Vena's (1263 Bloor West, at Dufferin, 416-532-3665) Complete meals for $10 per person, including all taxes, tip and a pop. Average main $7. Open daily 10 am to 10 pm. Unlicensed. Cash only. Access: one step at door, no washrooms. Rating: NNNN Rating: NNNN
Want proof that vena's makes the number-one roti in Toronto? Look no further than the humble Bloor West take-away's front window, where a buzzing neon sign proudly proclaims, "Best roti in town."
Need more evidence? Just check out the luridly lit hole-in-the-wall's unconventional card. Alongside standard fillings like boneless curried chicken or goat mixed with chunky spuds and an occasional chickpea, you'll find dhalpoori stuffed with the likes of slow-cooked disintegrating cubes of stewing beef and sliced button mushrooms in a mild jalfrezi-style tomato curry ($8).
Equally impressive, Vena's veggie version ($6) weighs up to a hefty 26 ounces and comes loaded with great slabs of sweet yam, crunchy chickpea channa and wilted spinach in a gently curried gravy. Even better, the house's shrimp and asparagus roti ($9) contains a whack of sizable butterflied shrimp that arrive firm not the frozen mush you'd expect at this price alongside chopped-up al dente spears. In addition, each roti gets briefly grilled burrito-style.
On their own, Vena's rotis won't set off any unnecessary heat alarms, but add a splash of deceptively watery hot sauce or garlic chutney ($1) and count on a major meltdown.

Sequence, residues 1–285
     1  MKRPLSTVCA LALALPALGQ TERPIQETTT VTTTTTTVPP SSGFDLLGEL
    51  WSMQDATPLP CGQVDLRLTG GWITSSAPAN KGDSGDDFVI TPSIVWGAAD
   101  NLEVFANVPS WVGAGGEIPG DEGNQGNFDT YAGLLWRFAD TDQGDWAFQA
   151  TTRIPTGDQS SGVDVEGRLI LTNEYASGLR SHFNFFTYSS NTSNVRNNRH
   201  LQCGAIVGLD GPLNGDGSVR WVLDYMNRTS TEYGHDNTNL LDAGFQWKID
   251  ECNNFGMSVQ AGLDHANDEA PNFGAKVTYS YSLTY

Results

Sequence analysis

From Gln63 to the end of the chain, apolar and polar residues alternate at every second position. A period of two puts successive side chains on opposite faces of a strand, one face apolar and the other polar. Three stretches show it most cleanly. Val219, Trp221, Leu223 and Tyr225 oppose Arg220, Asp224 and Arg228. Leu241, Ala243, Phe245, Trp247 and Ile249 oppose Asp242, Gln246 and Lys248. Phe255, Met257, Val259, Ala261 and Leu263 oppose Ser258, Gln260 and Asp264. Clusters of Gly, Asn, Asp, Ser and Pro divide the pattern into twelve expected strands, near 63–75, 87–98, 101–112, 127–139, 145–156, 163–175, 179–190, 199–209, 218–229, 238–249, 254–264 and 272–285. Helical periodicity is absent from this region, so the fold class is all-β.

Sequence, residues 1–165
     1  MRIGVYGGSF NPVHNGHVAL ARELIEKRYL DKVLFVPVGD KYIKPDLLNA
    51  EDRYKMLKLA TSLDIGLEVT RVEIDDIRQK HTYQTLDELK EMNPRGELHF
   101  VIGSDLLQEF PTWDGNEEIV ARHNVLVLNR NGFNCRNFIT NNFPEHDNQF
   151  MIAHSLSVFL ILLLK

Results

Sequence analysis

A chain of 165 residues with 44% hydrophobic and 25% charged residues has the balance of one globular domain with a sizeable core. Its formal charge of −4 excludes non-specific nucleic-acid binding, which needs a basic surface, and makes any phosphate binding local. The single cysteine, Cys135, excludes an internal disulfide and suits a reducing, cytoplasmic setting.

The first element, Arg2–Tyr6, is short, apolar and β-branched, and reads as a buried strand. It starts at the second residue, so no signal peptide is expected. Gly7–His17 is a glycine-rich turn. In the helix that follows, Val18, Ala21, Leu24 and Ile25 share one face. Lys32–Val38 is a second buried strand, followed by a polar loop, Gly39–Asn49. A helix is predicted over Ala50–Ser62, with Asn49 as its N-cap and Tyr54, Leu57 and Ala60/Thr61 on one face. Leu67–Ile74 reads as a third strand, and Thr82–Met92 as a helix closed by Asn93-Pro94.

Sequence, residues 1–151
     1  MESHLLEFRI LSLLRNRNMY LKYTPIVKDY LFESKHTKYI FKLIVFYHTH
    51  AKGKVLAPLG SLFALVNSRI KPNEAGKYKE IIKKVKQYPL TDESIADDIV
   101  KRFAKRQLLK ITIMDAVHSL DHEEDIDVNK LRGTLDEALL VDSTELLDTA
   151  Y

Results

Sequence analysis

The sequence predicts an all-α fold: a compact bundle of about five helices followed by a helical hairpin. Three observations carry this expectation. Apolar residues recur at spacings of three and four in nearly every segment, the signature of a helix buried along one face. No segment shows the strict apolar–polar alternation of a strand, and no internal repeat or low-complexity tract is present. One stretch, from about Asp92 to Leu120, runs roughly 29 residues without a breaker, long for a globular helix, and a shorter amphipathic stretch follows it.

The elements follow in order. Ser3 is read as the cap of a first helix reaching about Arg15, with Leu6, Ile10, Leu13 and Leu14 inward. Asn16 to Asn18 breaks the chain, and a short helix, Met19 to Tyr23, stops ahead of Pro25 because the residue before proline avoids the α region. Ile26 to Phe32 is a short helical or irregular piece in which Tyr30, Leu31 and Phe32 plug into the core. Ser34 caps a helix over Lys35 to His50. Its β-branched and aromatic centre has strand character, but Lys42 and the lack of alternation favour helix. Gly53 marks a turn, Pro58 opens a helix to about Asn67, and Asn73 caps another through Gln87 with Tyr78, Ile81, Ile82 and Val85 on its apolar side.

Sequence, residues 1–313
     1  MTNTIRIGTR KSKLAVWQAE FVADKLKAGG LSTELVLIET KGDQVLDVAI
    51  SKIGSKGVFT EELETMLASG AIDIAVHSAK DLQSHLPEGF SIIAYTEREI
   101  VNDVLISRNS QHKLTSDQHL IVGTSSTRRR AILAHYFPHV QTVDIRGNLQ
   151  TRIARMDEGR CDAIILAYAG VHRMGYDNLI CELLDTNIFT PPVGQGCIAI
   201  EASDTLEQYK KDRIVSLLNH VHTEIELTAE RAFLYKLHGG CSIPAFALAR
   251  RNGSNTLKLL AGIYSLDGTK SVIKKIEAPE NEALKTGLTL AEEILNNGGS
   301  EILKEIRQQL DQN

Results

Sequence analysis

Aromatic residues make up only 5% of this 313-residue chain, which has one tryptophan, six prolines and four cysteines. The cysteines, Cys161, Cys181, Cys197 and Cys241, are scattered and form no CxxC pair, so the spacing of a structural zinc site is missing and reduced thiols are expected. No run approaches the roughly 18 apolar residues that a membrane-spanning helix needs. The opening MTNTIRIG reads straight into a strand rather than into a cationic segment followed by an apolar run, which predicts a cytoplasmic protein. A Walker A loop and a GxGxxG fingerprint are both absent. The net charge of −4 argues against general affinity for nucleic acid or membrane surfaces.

Bangladeshi Mashud Siddique and his Guyanese wife, Homewaty, first launched Vena's at Queen and Bathurst 15 years ago. Eight years later, they expanded uptown, but, overshadowed by the ever-popular nearby Gandhi, the couple closed the original to concentrate on the Bloor location three years ago.
The new spot has no decor to speak of other than a lumpy couch, an empty gumball machine and a Pong-era video game, but the first Vena's was one of the oddest room's in town, especially its mural depicting a booze-swilling Olive Oyl, Mickey Mouse and Bugs Bunny sharing a recreational cigarette. I can't help but ask the charitable restaurateur who once a year gives away over a 1,000 rotis to the local homeless what inspired him to paint it.
"I can't really go into that," laughs Siddique enigmatically.